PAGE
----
Hives, also referred to as urticaria, is a prevalent inflammation condition in Southlake, manifesting as pinkish to reddish welts on the skin. Typical symptoms encompass skin inflammation, itching, and swelling. Some individuals might notice swelling around their eyes or lips. In uncommon severe situations, there might be breathing difficulties due to the swelling of the throat. Urticaria generally arises from an overstimulated immune system, stemming from an allergic reaction or an internal issue that has a slow onset.
Hives can be classified into two primary types, “acute urticaria” and “chronic urticaria,” based on the duration of the symptoms. Acute urticaria refers to hives that disappear in under six weeks and often result from an allergic reaction. Various allergens, like specific foods (notably shellfish and nuts), medications, infections, and other environmental triggers, are linked to hives. On the other hand, chronic urticaria persists beyond six weeks. Pinpointing the cause of chronic hives can be challenging, with most being idiopathic (of unknown origin). Some recent research indicates that chronic urticaria might be autoimmune, where the immune system remains in a heightened state. The exact reason remains unidentified. The recurring nature of chronic urticaria can be both annoying and incapacitating.
Numerous factors can induce hives, making it sometimes tricky to determine the exact trigger. Here are both common and less common environmental elements leading to repeated hives episodes:
– Medication-related urticaria: Almost all drugs can trigger an allergic reaction causing hives. Frequently, antibiotics and NSAIDs (e.g., Aspirin, Ibuprofen) are culprits.
– Food-triggered urticaria: Hives are often induced by allergens like shellfish and nuts, but other foods might be involved too.
– Heat-related urticaria: Continual heat exposure can cause hives. Typically, lesions show up within minutes and can persist for hours, usually staying restricted to the exposed regions.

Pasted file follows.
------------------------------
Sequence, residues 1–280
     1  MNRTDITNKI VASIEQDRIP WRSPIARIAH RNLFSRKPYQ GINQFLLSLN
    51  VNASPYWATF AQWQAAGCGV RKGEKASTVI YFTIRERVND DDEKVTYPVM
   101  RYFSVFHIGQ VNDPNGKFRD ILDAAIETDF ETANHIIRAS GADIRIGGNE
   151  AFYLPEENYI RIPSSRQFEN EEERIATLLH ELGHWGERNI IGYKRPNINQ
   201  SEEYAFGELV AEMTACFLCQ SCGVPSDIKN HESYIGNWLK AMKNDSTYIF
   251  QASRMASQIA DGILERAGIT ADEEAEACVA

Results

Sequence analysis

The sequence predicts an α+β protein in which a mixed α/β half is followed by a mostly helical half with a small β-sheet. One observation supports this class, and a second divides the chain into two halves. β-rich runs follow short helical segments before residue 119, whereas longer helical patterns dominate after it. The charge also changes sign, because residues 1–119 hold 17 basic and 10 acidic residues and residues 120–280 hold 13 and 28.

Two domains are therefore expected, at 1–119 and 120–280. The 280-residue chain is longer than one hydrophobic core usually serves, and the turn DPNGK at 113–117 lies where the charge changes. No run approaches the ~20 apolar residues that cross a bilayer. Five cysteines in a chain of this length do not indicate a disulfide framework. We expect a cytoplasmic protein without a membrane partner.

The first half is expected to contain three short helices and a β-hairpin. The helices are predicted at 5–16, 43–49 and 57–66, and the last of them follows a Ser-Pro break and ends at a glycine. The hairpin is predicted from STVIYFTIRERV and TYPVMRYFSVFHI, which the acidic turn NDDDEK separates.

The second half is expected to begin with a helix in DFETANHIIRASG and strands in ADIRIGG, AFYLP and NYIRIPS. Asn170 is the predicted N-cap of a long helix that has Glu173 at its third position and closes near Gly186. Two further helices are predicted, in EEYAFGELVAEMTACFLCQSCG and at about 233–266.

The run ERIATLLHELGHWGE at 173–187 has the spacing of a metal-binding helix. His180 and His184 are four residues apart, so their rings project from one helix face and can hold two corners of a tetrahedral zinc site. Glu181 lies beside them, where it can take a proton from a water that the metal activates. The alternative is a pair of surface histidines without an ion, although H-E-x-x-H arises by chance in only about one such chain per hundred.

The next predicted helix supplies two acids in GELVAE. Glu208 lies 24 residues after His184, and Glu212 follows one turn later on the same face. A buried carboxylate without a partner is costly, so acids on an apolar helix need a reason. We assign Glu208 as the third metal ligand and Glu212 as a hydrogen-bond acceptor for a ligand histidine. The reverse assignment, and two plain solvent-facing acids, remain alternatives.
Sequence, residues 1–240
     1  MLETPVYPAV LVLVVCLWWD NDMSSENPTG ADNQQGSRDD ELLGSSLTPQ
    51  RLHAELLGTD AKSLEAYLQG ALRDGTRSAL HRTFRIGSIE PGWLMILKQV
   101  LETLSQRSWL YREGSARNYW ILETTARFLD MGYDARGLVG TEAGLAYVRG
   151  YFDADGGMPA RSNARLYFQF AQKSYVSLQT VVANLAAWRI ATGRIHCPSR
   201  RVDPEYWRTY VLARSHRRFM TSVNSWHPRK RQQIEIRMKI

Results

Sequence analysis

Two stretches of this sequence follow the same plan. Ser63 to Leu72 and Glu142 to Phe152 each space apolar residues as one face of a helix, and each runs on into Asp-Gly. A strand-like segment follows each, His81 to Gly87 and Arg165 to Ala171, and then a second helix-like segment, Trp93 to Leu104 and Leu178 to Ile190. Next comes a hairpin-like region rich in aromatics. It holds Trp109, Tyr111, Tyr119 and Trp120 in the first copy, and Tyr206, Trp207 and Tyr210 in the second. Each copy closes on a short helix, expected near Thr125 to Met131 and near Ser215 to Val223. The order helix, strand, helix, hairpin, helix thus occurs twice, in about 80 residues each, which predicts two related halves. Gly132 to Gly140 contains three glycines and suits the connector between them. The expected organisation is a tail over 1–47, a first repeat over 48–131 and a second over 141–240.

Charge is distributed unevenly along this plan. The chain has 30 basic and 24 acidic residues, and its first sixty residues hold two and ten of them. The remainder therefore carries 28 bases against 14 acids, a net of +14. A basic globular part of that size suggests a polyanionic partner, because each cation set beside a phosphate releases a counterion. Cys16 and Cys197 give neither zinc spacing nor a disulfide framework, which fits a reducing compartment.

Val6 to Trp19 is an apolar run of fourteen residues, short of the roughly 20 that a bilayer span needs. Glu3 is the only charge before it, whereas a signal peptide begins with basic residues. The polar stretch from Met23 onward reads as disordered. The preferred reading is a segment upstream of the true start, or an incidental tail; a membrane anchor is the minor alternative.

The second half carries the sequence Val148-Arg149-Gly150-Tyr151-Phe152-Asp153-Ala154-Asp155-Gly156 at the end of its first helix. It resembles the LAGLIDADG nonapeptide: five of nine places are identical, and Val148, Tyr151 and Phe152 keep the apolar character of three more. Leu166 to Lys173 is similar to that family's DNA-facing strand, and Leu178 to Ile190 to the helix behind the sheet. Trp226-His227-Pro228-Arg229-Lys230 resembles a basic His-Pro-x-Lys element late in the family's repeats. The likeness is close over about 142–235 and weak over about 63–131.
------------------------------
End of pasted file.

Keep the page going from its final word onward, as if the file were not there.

– Cold-triggered urticaria: This type, more common among younger adults, is initiated by very cold conditions. Some might develop hives on their face or hands post cold exposure.
– Cholinergic urticaria: This prevalent form of hives can arise post-exercise, after exposure to heat, or any activity increasing body temperature. It mostly looks like tiny itchy red spots.
– Solar Urticaria: Exposure to sunlight can lead to this type of hives, which manifests soon after and can last for hours.
– Pressure-triggered urticaria: Hives can form due to skin pressure or vibration, either immediately post-exposure or after some hours.
– Dermatographic urticaria: This form arises when the skin is scratched or rubbed. It’s a prevalent chronic hives variant.
– Infection-triggered urticaria: Some infections, be it viral or bacterial, can initiate hives.
– Aquagenic urticaria: An extremely rare hives type, it emerges when the skin contacts water.
Addressing urticaria usually depends on its cause. For acute cases, oral antihistamines and allergen avoidance usually help. For intense flare-ups, systemic corticosteroids might be administered. Creams with corticosteroids and menthol-infused moisturizers are known to mitigate inflammation and offer relief. Keeping a record of potential triggers is also advised.
Managing chronic urticaria can be intricate. Even with thorough examination, discerning the root cause can be elusive. If standard treatments don’t suffice, immunosuppressant drugs might be needed.
Your skin’s characteristics and symptoms will guide our physician in devising an optimal treatment strategy.